- Two among the largest crypto exchanges, Bittrex and Poloniex, recently got involved in a class-action lawsuit.
- The lawsuit originally targeted Bitfinex and Tether, accusing them of crypto price manipulation in 2017.
- The amended lawsuit claims that Poloniex and Bittrex assisted with the scheme.
Two major cryptocurrency exchanges — Poloniex and Bittrex — were targeted by a class-action lawsuit that accused them of manipulating crypto markets.
Crypto price manipulation in 2017 still unresolved
According to the plaintiffs, Bittrex and Tether were the ones responsible for a major bull run that took place in 2017. The lawsuit, which was originally filed in October 2019, alleges that the Tether and Bitfinex inflated the USDT supply without having an adequate amount of USD to back up the stablecoins.
This drove crypto prices in 2017, causing hundreds of coins to hit their all-time highs, including Bitcoin, which reached $20,000 per unit.
The lawsuit came from the investors who bought digital currencies during this time, but who now believe that the prices were inflated artificially.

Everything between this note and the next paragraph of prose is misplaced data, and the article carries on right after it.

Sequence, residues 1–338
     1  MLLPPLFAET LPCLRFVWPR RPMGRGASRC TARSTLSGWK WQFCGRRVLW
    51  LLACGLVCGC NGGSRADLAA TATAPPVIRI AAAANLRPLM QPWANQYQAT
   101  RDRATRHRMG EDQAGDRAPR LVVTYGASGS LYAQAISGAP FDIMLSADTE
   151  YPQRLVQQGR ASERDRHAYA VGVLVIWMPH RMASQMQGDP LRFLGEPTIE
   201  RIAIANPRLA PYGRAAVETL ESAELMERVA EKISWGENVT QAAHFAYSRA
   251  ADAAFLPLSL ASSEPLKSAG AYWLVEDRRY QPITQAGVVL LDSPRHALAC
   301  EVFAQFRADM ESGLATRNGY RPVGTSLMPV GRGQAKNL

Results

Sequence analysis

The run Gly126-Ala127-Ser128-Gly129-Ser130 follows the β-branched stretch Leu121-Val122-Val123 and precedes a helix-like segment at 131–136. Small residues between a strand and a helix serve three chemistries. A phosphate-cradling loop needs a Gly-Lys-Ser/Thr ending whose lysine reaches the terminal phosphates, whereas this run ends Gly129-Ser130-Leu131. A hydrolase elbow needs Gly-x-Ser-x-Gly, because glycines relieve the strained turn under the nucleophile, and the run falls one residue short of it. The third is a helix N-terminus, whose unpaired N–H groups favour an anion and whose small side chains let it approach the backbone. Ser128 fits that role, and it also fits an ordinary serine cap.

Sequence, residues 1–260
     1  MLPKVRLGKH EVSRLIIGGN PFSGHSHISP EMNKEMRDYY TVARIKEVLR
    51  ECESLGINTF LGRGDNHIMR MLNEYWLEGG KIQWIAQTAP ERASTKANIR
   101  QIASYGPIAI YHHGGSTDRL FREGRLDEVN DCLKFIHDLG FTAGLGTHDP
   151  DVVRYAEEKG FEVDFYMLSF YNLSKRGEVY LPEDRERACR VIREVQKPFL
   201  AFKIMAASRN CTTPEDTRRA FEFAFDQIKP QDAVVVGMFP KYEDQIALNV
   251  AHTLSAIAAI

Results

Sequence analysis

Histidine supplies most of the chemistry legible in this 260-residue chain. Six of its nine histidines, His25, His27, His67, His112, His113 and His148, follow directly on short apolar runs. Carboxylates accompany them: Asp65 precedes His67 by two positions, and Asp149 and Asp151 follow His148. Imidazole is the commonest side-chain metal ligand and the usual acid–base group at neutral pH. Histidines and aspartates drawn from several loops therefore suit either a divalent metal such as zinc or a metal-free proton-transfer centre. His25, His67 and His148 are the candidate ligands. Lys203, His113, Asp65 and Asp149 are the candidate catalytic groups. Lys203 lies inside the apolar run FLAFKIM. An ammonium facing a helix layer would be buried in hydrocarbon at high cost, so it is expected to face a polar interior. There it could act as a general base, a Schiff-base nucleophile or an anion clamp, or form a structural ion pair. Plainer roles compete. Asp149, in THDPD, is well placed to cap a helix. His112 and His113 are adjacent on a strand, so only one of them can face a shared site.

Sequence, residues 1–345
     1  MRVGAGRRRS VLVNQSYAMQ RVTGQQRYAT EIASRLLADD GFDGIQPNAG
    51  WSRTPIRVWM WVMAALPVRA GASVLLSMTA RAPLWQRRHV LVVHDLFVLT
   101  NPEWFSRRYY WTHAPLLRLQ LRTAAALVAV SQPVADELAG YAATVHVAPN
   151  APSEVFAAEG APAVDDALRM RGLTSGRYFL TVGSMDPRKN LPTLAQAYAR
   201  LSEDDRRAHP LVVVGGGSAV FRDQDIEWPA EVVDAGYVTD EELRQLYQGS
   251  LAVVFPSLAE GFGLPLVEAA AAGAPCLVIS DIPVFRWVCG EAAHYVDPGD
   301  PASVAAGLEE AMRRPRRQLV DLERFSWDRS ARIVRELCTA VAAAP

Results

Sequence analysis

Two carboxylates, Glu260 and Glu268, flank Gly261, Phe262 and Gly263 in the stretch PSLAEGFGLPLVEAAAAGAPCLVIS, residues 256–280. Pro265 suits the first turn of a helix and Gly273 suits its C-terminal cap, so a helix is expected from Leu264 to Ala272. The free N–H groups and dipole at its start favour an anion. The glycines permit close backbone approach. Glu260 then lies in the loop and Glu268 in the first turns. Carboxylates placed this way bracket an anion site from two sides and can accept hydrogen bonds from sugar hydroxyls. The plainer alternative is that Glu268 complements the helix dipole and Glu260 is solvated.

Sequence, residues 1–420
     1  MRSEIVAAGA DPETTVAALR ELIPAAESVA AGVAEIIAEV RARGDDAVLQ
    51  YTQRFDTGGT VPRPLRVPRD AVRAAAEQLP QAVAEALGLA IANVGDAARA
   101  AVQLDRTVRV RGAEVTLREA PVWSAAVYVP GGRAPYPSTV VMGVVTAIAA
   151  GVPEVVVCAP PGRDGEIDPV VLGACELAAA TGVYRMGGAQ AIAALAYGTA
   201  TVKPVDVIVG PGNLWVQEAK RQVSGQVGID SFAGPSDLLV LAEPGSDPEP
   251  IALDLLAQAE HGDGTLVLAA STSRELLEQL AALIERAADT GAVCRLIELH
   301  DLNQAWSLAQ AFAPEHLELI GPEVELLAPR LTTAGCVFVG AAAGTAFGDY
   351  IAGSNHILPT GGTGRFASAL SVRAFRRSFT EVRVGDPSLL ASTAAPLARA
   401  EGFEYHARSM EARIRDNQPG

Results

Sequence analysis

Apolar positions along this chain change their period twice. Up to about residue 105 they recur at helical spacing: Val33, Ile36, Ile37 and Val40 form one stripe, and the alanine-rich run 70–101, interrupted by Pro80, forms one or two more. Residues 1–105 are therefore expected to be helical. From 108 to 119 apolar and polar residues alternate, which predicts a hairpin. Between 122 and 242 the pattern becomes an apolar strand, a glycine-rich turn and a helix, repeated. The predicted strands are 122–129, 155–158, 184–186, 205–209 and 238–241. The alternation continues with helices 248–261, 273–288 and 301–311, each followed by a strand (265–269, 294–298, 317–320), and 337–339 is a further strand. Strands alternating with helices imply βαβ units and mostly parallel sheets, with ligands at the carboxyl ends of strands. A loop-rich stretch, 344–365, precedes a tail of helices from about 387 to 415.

According to the filing “Tether issued billions of USDT to itself with no U.S. dollar backing— simply creating the USDT out of thin air.” These funds were then used for purchasing crypto assets, which led to a spike in prices.
How did Bittrex and Poloniex get involved?
The amended filing also directly mentions Bittrex and Poloniex, claiming that the exchanges were involved in the scheme. It says that the two companies facilitated the coordination of massive buy orders on multiple other exchanges, which caused the illusion of new liquidity in the markets.
In other words, Bitfinex and Tether started the scheme, but Bittrex and Poloniex assisted, which makes them guilty as well. Lastly, the lawsuit noted that the two worked with Tether “and adopted its guarantee that each USDT is backed by one U.S. dollar.”
As a result, they quickly became listed among the largest exchanges in the digital currency industry.
Interestingly enough, one of the plaintiffs, Miami, Florida-based Pinchas Goldshtein, seems to still be involved with trading. The suit specified that Goldshtein saw major losses after purchasing 629 Bitcoin futures contracts between January 2018 and June 2020. This suggests that Goldshtein also traded back when the filing was submitted.